Pavement Parking: Questions and Answers
|Is it legal or illegal to park a motor vehicle on a pavement?|
What are the exceptions?
- where signs permit it - local councils can permit parking on the pavement on specified roads via signs on posts and white lines on the pavement - see panel
- in an emergency
- if the vehicle (e.g. a motorbike) is pushed on to the pavement rather than driven on, provided that it does not obstruct pedestrians.
What are the laws that prohibit parking on pavements?
- It is an offence to drive on to a pavement, contrary to s.72 of the Highway Act 1835 and s.34 of the Road Traffic Act 1988).
- It is an offence to leave a vehicle on a road (including the pavement) in a dangerous position, contrary to s.22 of the Road Traffic Act 1988.
- It is an offence to obstruct a pavement, contrary to Regulation 103 of The Road Vehicles (Construction and Use) Regulations 1986.
- Rule 145 of the Highway Code states You MUST NOT drive on or over a pavement, footpath or bridleway except to gain lawful access to property, or in the case of an emergency.
Who enforces the law?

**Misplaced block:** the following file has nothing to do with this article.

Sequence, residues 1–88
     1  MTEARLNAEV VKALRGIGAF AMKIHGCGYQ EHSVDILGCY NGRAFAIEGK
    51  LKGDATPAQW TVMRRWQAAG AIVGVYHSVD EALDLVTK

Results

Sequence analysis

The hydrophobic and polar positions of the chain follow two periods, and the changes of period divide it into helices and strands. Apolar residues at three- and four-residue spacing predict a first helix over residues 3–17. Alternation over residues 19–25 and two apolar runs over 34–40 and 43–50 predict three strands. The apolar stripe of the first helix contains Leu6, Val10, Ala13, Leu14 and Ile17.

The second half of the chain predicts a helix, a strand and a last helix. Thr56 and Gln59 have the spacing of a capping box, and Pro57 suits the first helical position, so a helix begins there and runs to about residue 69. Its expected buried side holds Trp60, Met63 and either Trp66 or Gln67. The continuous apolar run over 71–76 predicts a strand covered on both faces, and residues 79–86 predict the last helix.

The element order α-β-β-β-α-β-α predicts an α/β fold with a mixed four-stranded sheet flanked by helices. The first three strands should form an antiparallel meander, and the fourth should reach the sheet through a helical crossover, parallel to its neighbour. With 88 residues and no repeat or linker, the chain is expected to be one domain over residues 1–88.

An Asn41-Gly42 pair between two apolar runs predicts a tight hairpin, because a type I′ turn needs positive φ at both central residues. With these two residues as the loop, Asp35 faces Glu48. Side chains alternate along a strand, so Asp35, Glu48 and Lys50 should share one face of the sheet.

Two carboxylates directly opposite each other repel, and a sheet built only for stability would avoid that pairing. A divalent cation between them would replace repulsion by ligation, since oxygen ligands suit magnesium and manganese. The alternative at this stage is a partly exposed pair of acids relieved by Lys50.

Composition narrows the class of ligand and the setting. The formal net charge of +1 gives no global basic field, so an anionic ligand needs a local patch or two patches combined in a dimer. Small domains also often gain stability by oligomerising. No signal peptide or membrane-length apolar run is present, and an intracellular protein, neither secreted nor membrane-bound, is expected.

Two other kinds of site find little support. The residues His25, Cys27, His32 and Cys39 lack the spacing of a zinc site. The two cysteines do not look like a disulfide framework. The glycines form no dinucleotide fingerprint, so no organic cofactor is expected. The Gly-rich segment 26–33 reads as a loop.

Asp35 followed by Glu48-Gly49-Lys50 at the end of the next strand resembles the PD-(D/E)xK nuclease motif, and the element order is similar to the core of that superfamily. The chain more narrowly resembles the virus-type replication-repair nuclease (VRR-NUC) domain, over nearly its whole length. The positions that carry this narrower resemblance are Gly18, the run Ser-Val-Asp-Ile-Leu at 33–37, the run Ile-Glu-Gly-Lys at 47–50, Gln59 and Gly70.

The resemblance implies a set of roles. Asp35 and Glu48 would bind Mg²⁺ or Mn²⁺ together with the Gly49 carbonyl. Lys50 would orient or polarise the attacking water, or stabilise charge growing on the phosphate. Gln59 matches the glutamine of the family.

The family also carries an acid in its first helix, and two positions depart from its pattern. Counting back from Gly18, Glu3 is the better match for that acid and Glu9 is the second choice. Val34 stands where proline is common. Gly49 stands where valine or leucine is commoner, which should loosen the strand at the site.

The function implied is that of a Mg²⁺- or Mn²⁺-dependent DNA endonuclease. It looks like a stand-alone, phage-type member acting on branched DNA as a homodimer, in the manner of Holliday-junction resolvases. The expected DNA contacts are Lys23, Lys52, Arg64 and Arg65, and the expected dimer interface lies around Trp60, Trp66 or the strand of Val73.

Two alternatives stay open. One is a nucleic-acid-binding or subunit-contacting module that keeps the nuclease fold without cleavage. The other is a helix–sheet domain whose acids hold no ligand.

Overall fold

The law is currently poorly enforced and this is causing problems for many people.
- It is the responsibility of the police to enforce the laws prohibiting driving on the pavement and obstruction of the pavement.
- Local councils also have the option of taking on the enforcement on particular roads (there will be signs) via traffic wardens.
Where might parking on pavements be permitted?
In a minority of roads, such as those with terraced housing, there is limited off-road parking. Such roads can be considered for legalised and regulated parking on pavements. The areas where parking on pavements is permitted are indicated by signs and by white lines on the pavements.
Why does it matter that drivers are parking on pavements?
Vulnerable pedestrians such as children, those using a wheelchair or those with visual impairments find cars parked on pavements intimidating, especially if they are forced to walk in the carriageway. Some find it so difficult or upsetting that they no longer venture out from their homes. Pavements are not constructed to carry the weight of vehicles, and many pavements are becoming seriously damaged, which is causing falls for elderly people.
This DfT sign permits and regulates pavement parking:
The sign in use:
The finer pointsWhat is special about London?
As well as the general legislation, there is an extra law that being parked
on a pavement is illegal, whether or not the vehicle was driven on to the pavement and whether or not it is causing an obstruction. This is enforceable by councils and means that pavement parking is easier to prevent in London.